MERRILL - Big name stores dominate many small towns. But in Merrill, one store owner thinks bigger isn't always better.
Forrest Young owns Hometown Pharmacy in Merrill.
At the end of last year, it moved from Main Street to East Second Street.
The new spot isn't far from the old one, but it has on-site parking and a drive-through.
That makes it convenient, just like big chains.
But Young says he offers something different.
"The main thing is customer service. We know that vast majority of our customers by name when they come in here," he says. "We've had instances in the past where people switch over, and they're just taken aback by how quickly we learn their names and treat them as if they've been coming to our pharmacy forever."
Hometown Pharmacy moved into Merrill about three years ago.
The store attracts a lot of seniors, but Young hopes the new spot will attract a new crowd.
"People that prefer a Walmart, Walgreens type of experience are younger, they prefer being able to get in and out quicker, do some shopping while they're in there," Young says. "So we're hoping that with the middle school and the grocery store, we'll attract some of the younger customers, that we can grow with them, as well as make it easier access for our older customers."
Young was renting the Main Street store, but bought this building.
He says he plans on being in Merrill for a long time.
RHINELANDER - People in Rhinelander will be able to cast their November election ballots starting on Friday. It's the earliest people in Wisconsin have ever been able to vote.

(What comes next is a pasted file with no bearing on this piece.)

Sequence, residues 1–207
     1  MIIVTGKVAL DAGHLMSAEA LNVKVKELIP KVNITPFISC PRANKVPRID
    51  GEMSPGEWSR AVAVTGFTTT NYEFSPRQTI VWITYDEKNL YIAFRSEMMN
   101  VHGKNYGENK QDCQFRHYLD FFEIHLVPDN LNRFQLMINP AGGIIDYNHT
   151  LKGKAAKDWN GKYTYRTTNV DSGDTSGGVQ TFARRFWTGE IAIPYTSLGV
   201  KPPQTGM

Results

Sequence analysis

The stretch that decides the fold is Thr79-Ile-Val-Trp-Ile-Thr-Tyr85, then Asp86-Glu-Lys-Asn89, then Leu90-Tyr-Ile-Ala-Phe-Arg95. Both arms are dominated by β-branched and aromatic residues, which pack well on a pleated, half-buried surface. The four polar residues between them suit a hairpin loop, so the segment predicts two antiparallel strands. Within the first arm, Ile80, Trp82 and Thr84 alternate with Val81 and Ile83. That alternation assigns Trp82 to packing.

The absentee ballots are stacked and ready for Friday at the Rhinelander City Clerk's office. To make the early voting process go as smoothly as possible, you will need to come prepared.
"When you come in make sure that you're registered. That is important. Make sure you're registered in the city if you're coming into us," said Clerk Valerie Foley.
Registering is easy; all you need is a photo ID and proof of residence. The registration form takes a couple of minutes, and then you will be able to fill out an election ballot.
"I think it is going to be a very busy day. I think people are pretty interested in the issues. And I think a lot of them would like to get and make sure they can vote if they're not certain they're going to make it to the polls in November or not," said Foley.
The clerk's office has already sent out about 200 ballots to people who have requested them.
Now, it is preparing for the early voter in-person rush.
If you are unsure whether you are registered to vote or where to go for early voting, the clerk's office suggests voters visit myvote.wi.gov for more information.
The Boulder Junction Town Board voted two to one Tuesday night to move forward with a town plaza plan. The plan will now go to a design phase.
The board estimated the cost of the design phase to be between $30,000 to $50,000, but it was dropped to about $25,000 at the meeting.
Town Chairman Dennis Reuss and Town Supervisor Dennis Duke voted in favor, with Town Supervisor Denny McGann voting against the plan.
A little more than $1 million may not seem like a lot of money to a city like Madison or Milwaukee. But for a town of fewer than one thousand people, it's a lot. The Boulder Junction Town Board could vote Tuesday whether or not to move onto the next phase of a $1.26 million town plaza project.
Dennis Duke has a vision of what Boulder Junction could look like in a few years.
"This one has a much more artistic flair, this has a more engineering flair if you will," said Duke while looking at potential design plans.
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